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Long-Distance Caregiving

Kent and I are in Irvine California for two weeks while Kent is getting some medical support. Even while we are gone we are still the caregivers/managers of our sons who are at home. I brought some reading material and I found the following article from the Salt Lake County Caregiver Support Program and I thought that it was helpful so I am sharing it here:

“Caregivers who support their family and friends from a distance often face uncertainty, fear, guilt, frustration and powerlessness. It is hard to know what to do, or how to assist those far away. Long-distance caregivers can also face insecurity of space and time because they cannot rush over to mom’s or always be there when something goes wrong. This leads to perception roadblocks—where it is easy to jump to conclusions, or become judgmental because words (phone calls/texts) do not show the real time efforts of those far away. If it cannot be seen, the distant caregiver fears it did not happen. It takes courage and trust in others to be a good long-distance caregiver.

There are six ways, which we call The Six Rs, that help long-distance caregivers find ways to support and assist those local individuals who are providing the day-to-day care:

1. Relate. Listen to understand, not to answer. Try not to out-guess the direction of the conversation. Avoid statements like, “If I were there…,” “If I were you…”, or “You should…”. Instead, say something like, “How can I help…”, “I found a fun resource…”, or “What can we try next?”. Hold accusations and relationship issues in check. Focus on the theme of the discussion, not the emotion. Solutions are found in “what” needs to be done, not in arguing about “why” or “how” it should work. Work together to find a new “how”.

2. Reframe. Shift your perception. Find solutions from where the local person stands. Each person has different skills, abilities, and emotional thresholds. Share and coach, do not require. Go slow. Another thought, if you are the Financial Power of Attorney and live in the distance, please remember that no one can work 24/7—even if the local sibling is getting free room and board to care for mom. Be a little more lenient with resources.

3. Research. Do not wait to be asked or told to help. Focus on the theme of conversations or phone calls from the local family caregiver or professionals. What research options do these offer? “I need time off”. “I’m tired of cooking and cleaning”. “Mom leaves the stove on”. “Jake will only eat things in a tortilla”. Find tools and resources that assist those themes—a senior companion, adult day services, meal delivery, or self-care events.

4. Restore. Provide a service or tool that will help the caregiver or care receiver repair their emotions, intellect, or energy. Embrace technology so you can see body language and expressions via Zoom or Facetime. Attend online training/support groups together—close the distance gap, “show” them your support. If you are financially able, or govern a care receiver’s funds, please note that a break for the caregiver, such as food delivery each Friday, a weekend get-away, or a spa day are cheaper than paying non-family to do full time care.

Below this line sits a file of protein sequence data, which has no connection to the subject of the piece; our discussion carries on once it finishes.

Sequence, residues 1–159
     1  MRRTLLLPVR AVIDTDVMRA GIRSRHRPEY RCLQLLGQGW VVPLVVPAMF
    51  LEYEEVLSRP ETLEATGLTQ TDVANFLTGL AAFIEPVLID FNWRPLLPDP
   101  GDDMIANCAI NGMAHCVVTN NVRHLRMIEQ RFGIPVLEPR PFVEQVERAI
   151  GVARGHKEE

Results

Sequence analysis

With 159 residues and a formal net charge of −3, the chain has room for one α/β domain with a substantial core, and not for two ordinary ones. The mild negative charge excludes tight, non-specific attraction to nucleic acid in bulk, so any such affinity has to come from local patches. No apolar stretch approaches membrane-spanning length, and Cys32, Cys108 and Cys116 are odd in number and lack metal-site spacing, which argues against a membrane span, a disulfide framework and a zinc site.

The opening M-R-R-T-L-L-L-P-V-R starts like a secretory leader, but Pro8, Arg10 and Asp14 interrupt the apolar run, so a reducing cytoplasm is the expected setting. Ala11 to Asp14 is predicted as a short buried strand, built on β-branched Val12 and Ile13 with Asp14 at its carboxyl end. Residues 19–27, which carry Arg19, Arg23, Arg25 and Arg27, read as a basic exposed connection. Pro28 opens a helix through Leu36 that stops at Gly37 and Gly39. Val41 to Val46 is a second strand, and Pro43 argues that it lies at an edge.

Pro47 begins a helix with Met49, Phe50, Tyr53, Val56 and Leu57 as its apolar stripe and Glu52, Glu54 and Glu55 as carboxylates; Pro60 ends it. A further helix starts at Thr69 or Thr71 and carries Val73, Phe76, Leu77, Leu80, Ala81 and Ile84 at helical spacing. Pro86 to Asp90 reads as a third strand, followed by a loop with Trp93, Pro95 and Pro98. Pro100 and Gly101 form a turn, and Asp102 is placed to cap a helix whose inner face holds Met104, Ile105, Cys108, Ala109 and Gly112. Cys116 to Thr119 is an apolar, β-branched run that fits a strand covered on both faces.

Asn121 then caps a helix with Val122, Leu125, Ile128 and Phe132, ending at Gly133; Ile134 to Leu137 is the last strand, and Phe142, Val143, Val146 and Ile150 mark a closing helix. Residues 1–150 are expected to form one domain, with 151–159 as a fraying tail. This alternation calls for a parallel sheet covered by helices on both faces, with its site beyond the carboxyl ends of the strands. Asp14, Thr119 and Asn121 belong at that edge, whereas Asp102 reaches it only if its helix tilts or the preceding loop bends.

5. Reward. Share gratitude, give courage, or congratulate the caregiver/care receiver on their success. Say thank you and use words like “that must be very difficult”. Avoid words like “get some sleep, it will look better in the morning”, because it may not. Acknowledge the work done. Send thank you cards. Staying healthy requires physical, mental, and emotional release. Caregivers who are constantly told what to do or who are made to feel less than they are does not help a care situation. The best reward is a listening ear and kindness.

6. Remind. Gently guide a person or caregiver back on course. Encourage boundaries and point out necessary behavioral adjustments. Do not judge. Focus on the actual behavior of the local individuals. Set emotions aside. Offer honest insight/concerns. “I’ve noticed in our last few calls… what can I do to help? I’m getting worried.” “Are you still able to care at this level?” “The behavior you are experiencing with ____is abusive.” “Tel him it needs to stop or…” (give permission)”. File reports, if needed—keep both the caregiver and care receiver safe.

The role of the long-distance caregiver is to be the coach, the listening ear, and the idea person. Watch for burnout and compassion fatigue when you call, supporting and visiting if and when you can. Call in professionals if needed.

The long-distant caregiver is not responsible for the decisions and implementation the locals make. What works in their area? What do they have the energy to do? What makes sense to them? What have they already tried? Did it work? Relate. Reframe. Research. Restore. Reward. Remind. Forgive yourself for not being there and do the best you can.”

Being a long-distance caregiver, whether when you are out of state or just living down the street, can be complex. Always be aware of the fact that your observations are those of an outsider looking in. Sometimes your distant observations are extremely helpful and you might be able to see a bigger picture than those on the front-line. But also be aware that to be helpful to those on the front-line you need to put yourself in their shoes. Be sensitive and compassionate in your interpretations and advice.

I always try to be sensitive of my care recipients and thank them for letting me offer insight. I also remind them that they are the ones living in the situation and they might have a better picture than me. I am here to support them, not criticize them. These comments seem to keep the communication open and not cause conflicts between us.

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